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Figgy Basics#

Figgy does a lot, but lets start with the simple parts. At its core, Figgy is a configuration management framework built on AWS ParameterStore. ParameterStore is a great AWS service for managing application configurations, but it isn't without its usability faults. Figgy is designed to build on the great foundation ParameterStore offers by adding more functionality, enforcing best practices, and simplifying the user experience.

You don't have to use all Figgy has to offer. So let's start with the basics. With Figgy installed, you can use the CLI to interact with AWS ParameterStore across many different accounts.

There's a free Figgy Sandbox you can use to experiment with Figgy. Go ahead, click that Sandbox link, let's have some fun!

Figgy Events#

Look again at the Sandbox page. Do you notice some notifications popping up? Those are live events happening right now in our Figgy Sandbox. Someone (or something) is meddling with configurations in our Figgy Sandbox.

The purpose of this is to demonstrate one of the most powerful features of Figgy. Figgy is driven by events. Every change is an event, which means every change, ever, is logged and stored. Figgy stores a complete history of every change in our Figgy sandbox. Do your worst, I dare you to mess up my Fig Orchard! I'll just restore my figs to how they were at some in time - to the second - in the past. Not-a-thing you can do about it! ;)

Declarative Configuration#

'GitOps' is about defining the desired state of your infrastructure in a versioned Git repository. Inspired by GitOps, Figgy's goal is to bring this same approach to application config management. Git repositories aren't the place for loads of Key/Value pairs though, so with Figgy, first you will 'declare' what your application needs to run. Next you'll use the Figgy CLI to ensure your configs are where they need to be and add any missing defined configurations. Finally your CICD pipeline can perform additional validation at deployment time. This declarative definition can be dynamically generated through static code analysis or reflection. In other words, let your code tell your CICD process what configurations it needs.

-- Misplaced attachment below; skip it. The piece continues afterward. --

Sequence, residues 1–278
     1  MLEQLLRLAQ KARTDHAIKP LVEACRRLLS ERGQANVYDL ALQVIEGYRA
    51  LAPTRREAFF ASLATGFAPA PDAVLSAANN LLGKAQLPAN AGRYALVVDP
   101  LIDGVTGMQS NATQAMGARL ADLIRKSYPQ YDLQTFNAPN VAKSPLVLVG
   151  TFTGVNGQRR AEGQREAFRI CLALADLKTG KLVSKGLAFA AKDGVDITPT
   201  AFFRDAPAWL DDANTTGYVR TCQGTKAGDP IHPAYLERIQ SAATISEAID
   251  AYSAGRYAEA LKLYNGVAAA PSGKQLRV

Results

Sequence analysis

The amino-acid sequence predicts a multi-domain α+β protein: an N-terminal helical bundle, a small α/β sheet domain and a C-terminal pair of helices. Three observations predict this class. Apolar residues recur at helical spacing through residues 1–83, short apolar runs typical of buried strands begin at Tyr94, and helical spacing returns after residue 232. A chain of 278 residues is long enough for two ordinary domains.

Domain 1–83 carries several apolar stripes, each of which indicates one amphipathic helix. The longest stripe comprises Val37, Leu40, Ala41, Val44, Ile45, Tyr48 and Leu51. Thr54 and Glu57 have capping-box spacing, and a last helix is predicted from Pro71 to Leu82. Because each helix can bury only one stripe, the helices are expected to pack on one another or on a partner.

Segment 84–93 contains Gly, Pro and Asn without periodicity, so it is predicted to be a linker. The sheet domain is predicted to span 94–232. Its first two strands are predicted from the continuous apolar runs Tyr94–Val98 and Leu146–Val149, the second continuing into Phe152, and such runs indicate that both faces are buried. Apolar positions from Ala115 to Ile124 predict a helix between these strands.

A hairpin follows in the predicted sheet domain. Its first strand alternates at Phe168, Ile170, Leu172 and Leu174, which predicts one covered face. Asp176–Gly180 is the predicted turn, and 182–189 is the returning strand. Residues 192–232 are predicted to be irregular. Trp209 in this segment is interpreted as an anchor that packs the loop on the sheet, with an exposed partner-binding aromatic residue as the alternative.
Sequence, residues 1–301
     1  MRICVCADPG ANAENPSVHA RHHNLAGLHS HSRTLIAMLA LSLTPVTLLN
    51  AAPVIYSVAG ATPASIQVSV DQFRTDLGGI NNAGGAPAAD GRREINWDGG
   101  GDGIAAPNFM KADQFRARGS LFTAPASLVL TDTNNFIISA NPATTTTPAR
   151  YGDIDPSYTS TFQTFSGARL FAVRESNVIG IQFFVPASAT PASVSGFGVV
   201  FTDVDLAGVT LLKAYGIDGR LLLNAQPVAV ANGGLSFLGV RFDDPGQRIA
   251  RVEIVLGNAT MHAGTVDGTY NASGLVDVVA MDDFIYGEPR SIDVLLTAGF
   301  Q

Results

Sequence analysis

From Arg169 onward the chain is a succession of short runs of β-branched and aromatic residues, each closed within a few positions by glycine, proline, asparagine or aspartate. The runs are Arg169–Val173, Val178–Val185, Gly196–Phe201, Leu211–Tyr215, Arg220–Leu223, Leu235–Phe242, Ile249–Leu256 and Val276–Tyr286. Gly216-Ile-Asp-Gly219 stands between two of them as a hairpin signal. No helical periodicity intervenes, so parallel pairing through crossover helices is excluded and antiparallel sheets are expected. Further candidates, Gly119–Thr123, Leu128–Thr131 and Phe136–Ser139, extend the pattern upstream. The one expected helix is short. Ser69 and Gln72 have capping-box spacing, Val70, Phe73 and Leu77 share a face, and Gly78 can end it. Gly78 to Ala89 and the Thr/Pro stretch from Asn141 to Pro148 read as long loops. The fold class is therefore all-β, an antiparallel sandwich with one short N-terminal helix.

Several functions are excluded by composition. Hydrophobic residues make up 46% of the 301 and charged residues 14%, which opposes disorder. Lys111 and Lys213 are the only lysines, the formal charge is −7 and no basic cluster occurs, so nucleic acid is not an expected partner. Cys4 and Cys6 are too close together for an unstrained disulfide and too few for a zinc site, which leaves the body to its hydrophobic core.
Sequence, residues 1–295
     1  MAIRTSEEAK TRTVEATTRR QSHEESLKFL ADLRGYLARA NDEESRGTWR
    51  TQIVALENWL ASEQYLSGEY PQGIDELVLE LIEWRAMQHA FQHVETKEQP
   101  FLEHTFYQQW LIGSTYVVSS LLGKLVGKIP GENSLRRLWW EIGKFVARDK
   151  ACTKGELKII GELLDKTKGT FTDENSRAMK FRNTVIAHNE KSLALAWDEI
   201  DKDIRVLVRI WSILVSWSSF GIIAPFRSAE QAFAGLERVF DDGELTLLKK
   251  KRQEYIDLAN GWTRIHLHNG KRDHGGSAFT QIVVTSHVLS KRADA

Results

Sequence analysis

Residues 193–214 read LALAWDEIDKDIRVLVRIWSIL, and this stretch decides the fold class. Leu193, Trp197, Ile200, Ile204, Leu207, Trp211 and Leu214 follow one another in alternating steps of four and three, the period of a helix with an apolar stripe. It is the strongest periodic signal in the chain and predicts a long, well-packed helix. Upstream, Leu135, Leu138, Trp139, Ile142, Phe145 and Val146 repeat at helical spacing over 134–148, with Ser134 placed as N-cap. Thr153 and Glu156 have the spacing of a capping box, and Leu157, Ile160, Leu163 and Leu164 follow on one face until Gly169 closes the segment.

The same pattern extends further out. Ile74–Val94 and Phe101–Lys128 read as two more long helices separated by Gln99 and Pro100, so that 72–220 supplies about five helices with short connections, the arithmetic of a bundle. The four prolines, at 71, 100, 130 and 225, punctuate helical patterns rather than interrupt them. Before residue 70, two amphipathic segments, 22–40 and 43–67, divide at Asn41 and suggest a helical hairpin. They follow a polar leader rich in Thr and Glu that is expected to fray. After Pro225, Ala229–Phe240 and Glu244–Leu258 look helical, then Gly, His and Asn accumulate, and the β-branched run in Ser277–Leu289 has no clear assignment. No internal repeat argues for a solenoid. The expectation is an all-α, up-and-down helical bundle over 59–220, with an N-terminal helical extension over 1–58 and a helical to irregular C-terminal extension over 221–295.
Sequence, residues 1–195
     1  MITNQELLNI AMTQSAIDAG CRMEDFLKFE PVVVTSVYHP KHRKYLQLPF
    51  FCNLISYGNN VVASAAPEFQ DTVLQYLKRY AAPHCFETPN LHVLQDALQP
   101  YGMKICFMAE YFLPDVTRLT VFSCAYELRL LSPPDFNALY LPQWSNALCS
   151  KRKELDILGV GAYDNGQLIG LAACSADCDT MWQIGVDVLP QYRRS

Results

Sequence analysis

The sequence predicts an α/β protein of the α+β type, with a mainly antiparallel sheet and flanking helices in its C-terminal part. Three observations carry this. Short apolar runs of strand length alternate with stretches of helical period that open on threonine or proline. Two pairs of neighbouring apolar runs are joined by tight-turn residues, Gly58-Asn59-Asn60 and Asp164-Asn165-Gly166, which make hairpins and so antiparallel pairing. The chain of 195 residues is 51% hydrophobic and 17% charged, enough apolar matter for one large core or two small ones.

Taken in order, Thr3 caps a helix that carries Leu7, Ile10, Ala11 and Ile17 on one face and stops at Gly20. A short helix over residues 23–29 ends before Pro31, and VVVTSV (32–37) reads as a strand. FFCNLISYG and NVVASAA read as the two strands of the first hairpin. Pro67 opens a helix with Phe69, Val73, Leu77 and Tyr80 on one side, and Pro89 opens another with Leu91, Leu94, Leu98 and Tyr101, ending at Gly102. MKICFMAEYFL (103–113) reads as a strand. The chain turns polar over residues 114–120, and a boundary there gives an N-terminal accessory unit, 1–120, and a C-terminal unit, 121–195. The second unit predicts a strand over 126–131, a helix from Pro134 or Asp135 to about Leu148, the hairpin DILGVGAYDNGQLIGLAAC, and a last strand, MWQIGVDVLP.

Figgy can break the build if you're missing a required configuration. Don't deploy a service destined to fail initialization.

By declaratively defining (or generating) required configurations for a particular code base and commit, you can feel confident you didn't forget that last pesky configuration you service needs to run.

Figgy accomplishes this through a figgy.json file that defines the required configurations for a codebase. Before developers check-in their code, or before a PR is merged, users (or automation) can run the sync command to validate the defined configurations exist in the targeted environment. Figgy will give you confidence that you aren't rolling out a new release and missing a required configuration.

Twigs - An application's sole configuration provider#

While Figgy doesn't enforce this policy, we strongly recommend you store all configurations for each service under a twig (See: Figgy Concepts). For instance, for service message-fetcher all configurations would exist under the following namespace: /app/message-fetcher. The /app namespace is optional, you can call it /svc, or whatever you want.